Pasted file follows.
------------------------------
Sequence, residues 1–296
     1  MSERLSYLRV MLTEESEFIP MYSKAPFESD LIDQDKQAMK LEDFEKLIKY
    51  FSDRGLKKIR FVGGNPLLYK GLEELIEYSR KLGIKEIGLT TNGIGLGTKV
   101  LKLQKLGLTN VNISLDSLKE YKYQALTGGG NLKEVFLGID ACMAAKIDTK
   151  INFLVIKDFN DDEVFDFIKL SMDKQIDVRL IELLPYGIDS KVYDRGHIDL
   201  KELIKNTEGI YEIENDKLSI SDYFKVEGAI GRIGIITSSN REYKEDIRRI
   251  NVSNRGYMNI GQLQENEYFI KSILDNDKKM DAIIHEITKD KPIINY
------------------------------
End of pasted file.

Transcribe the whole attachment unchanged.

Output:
Sequence, residues 1–296
     1  MSERLSYLRV MLTEESEFIP MYSKAPFESD LIDQDKQAMK LEDFEKLIKY
    51  FSDRGLKKIR FVGGNPLLYK GLEELIEYSR KLGIKEIGLT TNGIGLGTKV
   101  LKLQKLGLTN VNISLDSLKE YKYQALTGGG NLKEVFLGID ACMAAKIDTK
   151  INFLVIKDFN DDEVFDFIKL SMDKQIDVRL IELLPYGIDS KVYDRGHIDL
   201  KELIKNTEGI YEIENDKLSI SDYFKVEGAI GRIGIITSSN REYKEDIRRI
   251  NVSNRGYMNI GQLQENEYFI KSILDNDKKM DAIIHEITKD KPIINY